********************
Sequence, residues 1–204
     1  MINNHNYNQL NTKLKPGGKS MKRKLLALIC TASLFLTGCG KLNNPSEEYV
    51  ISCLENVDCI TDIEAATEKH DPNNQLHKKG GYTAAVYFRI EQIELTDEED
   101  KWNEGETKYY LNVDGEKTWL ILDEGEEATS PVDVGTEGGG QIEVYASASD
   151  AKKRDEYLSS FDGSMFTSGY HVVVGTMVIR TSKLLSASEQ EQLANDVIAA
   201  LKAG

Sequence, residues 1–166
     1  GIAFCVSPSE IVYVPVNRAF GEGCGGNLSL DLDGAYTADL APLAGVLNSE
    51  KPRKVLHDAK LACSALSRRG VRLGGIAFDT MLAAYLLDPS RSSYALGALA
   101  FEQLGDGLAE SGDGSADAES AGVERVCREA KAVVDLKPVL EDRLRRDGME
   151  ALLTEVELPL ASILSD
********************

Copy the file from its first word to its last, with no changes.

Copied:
Sequence, residues 1–204
     1  MINNHNYNQL NTKLKPGGKS MKRKLLALIC TASLFLTGCG KLNNPSEEYV
    51  ISCLENVDCI TDIEAATEKH DPNNQLHKKG GYTAAVYFRI EQIELTDEED
   101  KWNEGETKYY LNVDGEKTWL ILDEGEEATS PVDVGTEGGG QIEVYASASD
   151  AKKRDEYLSS FDGSMFTSGY HVVVGTMVIR TSKLLSASEQ EQLANDVIAA
   201  LKAG

Sequence, residues 1–166
     1  GIAFCVSPSE IVYVPVNRAF GEGCGGNLSL DLDGAYTADL APLAGVLNSE
    51  KPRKVLHDAK LACSALSRRG VRLGGIAFDT MLAAYLLDPS RSSYALGALA
   101  FEQLGDGLAE SGDGSADAES AGVERVCREA KAVVDLKPVL EDRLRRDGME
   151  ALLTEVELPL ASILSD